Whats the solution?

1. Build a super fast super computer, so grepping is faster than the data generation
2. Setup multiple computer to process 1 Billion lines and parallelize the processing so grepping is faster than the data generation
3. If our requirement is to only get the count of lines having the specified word, we can have statistical way. Grep only 100000 lines for the specific word, and then extrapolate for 1 Billion lines.

Currently option 2 is lot cheaper than 1 and certain compared to option 3. Also option 3 is applicable only when we need counts or averages and not suitable in other text processing.

To implement option 2, Below steps provide a Golden Template which is Divide and Conquer method for handling such processing.

1. Setup multiple system in network to process the BigData
2. Divide the BigJob to smaller Job Parts
3. Distribute the Jobs to individual systems
4. Process individual Job Parts
5. Collate the individual results
6. Sumup/rollup the results

In Short BigData processing is application of Parallel processing when data at hand is huge,unstructured and continuosly increasing, and hence cannot be processed using traditional single instance tools due to size and time limitations.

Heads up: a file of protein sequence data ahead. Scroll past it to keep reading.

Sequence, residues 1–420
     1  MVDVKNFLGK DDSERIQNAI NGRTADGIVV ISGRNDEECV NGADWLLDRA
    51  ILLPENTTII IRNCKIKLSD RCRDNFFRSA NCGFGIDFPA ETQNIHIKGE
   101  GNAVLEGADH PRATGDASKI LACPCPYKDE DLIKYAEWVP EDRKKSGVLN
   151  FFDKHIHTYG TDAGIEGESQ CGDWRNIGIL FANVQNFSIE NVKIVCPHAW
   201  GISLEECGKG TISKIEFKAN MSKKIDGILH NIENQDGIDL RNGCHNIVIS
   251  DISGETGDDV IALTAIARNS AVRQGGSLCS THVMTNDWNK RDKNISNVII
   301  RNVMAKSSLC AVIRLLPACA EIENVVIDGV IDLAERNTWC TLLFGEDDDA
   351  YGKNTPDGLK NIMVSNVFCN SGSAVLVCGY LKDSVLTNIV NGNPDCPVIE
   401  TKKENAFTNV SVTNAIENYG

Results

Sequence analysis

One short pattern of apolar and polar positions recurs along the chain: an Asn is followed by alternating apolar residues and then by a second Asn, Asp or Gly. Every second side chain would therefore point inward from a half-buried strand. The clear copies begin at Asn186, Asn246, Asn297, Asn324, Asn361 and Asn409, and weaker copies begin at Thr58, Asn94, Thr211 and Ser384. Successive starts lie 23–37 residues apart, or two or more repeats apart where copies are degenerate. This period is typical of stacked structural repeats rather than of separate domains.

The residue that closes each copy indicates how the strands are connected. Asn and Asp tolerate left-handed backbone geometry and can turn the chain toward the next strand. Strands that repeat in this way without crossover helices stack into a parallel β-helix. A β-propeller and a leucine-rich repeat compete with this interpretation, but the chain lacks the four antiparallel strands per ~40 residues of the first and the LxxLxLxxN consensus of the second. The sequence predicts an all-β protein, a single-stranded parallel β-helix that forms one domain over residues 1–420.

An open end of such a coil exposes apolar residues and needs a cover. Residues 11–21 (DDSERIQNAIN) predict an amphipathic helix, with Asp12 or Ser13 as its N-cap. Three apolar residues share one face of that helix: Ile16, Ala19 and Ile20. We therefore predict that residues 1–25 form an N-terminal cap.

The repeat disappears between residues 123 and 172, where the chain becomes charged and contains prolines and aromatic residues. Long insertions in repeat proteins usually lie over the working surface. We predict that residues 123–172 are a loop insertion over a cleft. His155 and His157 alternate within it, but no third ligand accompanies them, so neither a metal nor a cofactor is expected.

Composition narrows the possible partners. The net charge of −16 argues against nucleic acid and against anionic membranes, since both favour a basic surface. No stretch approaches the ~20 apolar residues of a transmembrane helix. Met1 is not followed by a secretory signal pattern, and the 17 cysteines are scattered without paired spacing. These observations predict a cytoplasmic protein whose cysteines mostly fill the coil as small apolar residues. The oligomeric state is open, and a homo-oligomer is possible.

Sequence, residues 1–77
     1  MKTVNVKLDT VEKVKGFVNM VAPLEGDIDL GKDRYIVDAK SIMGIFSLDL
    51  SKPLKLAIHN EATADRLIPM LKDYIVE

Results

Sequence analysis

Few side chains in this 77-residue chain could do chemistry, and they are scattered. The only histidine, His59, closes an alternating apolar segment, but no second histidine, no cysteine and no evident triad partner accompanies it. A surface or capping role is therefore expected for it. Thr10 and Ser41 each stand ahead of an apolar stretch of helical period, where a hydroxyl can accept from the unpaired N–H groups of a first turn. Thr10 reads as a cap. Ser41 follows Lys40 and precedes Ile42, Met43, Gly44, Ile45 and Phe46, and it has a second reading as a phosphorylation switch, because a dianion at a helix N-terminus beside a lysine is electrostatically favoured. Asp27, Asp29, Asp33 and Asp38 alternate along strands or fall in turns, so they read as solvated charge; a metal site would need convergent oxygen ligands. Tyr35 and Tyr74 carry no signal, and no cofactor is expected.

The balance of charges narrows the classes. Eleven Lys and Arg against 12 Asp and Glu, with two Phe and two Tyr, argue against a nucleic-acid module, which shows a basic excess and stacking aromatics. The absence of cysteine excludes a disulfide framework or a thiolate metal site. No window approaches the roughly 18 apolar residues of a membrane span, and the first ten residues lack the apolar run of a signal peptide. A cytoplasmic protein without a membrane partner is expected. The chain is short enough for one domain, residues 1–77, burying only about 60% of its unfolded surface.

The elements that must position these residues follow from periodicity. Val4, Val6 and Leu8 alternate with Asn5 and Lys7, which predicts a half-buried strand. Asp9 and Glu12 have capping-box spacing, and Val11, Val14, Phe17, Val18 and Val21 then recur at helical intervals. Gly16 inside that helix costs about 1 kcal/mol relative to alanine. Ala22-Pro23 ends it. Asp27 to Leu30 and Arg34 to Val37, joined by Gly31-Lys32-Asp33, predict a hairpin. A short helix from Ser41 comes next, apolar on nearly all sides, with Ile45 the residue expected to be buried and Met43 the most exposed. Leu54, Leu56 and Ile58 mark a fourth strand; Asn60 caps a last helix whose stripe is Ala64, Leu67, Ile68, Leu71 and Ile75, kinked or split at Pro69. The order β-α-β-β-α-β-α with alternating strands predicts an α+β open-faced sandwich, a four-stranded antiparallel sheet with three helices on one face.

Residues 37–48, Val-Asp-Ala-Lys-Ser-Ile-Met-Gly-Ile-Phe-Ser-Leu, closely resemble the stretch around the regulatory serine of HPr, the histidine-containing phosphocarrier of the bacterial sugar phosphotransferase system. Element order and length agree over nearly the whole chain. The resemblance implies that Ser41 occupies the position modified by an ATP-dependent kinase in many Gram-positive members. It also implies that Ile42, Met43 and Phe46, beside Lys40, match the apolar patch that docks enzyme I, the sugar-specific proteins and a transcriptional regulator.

When above Divide and Conquer template is used for grepping Billion lines, it would be as below.

1. Setup 100 systems in network
2. Split the 1 Billion records into 100 files with each having  10,000,000(10 Million) Records
3. So, now we have 100 systems, and 100 files, copy 1 file to each system.
4. Start grep on the files copied in step 3 on All 100 systems, store the result in temporary file.
5. Copy the temporary files generated in step 4 to one central server
6. On central server, Merge all temporary files. And we have completed grep of 1 Billion lines.

Ignoring the work/time overhead involved in splitting, copying , merging, we can say we completed the grepping of 1 Billion lines in under 3 hours! which would have taken 11 days on single system.

Apart from these we also need to make sure of few things listed below.

1. Since Data is huge in size, Our file system should support it and it should be accessible from all the systems in the network
2. Since our systems are not specialised and low cost, they are prone to failure, we should handle failure of individual systems and also make sure of no data loss.

The above template can be used for processing data in many scenarios and not only limited to grep, Just need to follow the template of splitting the job, distributing, processing, and collating. To simplify and automate these steps, we have frameworks like Hadoop which automates most of the common steps like splitting, distributing, and collating of the results. Users of the framework need to work on only processing of the data.